Capacitors should ideally be ceramic types, as these are best suited to the fast pulses in a Marx generator - polypropylene pulse-rated caps would probably also work well, but are more expensive, and harder to find with high voltage ratings. Use the highest voltage types you can find. Larger values will give fatter sparks, but take longer to recharge... You can often run these in excess of their rated voltage, but obviously this runs an increased failure risk.

An input voltage of about 4-8KV is recommended. Above this, many problems will detract from the 'quick and dirty' approach, requiring much greater care in construction to reduce corona losses from sharp edges, multiple series resistors would be needed, and the capacitors will be harder to find. The high resistance of the charging network mean that corona losses can significantly degrade performance above about 5 KV unless care is taken to avoid any sharp edges - e.g. by making wire ends and joints smooth.. soldering blobs of solder at sharp parts ... potting the whole setup in insulation or oil.

A simple design requires a low-current source of high voltage DC in the range 4-8KV, such as low-powered flyback generator. The number of stages you use will determine the output voltage, and hence spark length.

Marx Generator 1

 Monday, 27 Oct 2003 

This is my first Marx Generator. Marx Generator 1, model 1.

It's simply a bunch of wires, resistors, and capacitors soldered up together. Very simple. These are 1nF (labeled on the cap) / 810pF (labeled at the shop where i got them from? Quite close values anyway) 15kV ceramic caps. They have a nice insulation and generally should be good caps. It's a pity I only got 7 of them. All resistors are 1W 1 MegaOhm resistors. At these lower voltages, arc-over should not be a problem... I hope.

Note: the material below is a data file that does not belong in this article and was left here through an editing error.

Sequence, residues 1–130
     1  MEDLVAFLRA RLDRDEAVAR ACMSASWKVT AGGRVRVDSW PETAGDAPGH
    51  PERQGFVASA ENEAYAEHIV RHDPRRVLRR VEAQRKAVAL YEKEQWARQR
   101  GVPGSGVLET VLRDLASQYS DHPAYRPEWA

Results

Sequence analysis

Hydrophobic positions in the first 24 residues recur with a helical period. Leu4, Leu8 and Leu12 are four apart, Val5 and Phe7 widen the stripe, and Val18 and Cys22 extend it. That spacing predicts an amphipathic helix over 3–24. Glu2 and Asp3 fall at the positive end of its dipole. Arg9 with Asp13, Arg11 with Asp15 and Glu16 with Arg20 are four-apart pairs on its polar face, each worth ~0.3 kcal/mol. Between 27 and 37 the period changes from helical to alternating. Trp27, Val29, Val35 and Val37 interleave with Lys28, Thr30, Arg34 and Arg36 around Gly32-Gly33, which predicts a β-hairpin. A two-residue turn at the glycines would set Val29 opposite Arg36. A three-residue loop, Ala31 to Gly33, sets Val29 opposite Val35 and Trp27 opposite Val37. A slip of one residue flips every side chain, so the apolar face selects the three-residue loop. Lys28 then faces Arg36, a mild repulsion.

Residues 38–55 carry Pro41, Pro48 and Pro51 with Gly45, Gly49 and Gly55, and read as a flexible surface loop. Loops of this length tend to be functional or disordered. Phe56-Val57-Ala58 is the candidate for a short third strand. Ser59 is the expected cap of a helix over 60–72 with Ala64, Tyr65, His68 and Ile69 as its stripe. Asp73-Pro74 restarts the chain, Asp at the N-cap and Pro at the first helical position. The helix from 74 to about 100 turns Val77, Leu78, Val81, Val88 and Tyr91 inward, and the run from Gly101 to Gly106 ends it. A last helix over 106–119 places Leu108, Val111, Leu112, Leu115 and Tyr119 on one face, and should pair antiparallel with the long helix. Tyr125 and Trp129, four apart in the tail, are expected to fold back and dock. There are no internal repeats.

Here are the caps, resistor and power supply. The resistor is a 1W 1M resistor. The cap on the left is the 15kV 810pF cap (the one I am using) and the cap on the right is a 30kV 510pF cap. I am using the 50W Liyoda electronic halogen transformer (read more about flyback driver circuits at my flyback page here) to drive the flyback which drives the Marx generator. I am using the small flyback (the one closer to the resistor). It's from a black and white TV and with my wimpy set up, it outputs around 5kV at around 10mA DC (estimated. I need a HV probe..). Perhaps even less.... I also need a better power supply! My caps are definitely overrated (at 15kV!) , but that is not a bad thing :).

Here is a close-up of the construction effort. Notice the excess solder usage and the loop-surface-blob gaps. Although not important for correct operation, they are a nice professional touch, making everything more reliable and repeatable, and reduces sharp points for corona loss. It also looks nicer than bent bits of wire too. This all-smooth-surface construction has proven to be very useful :-)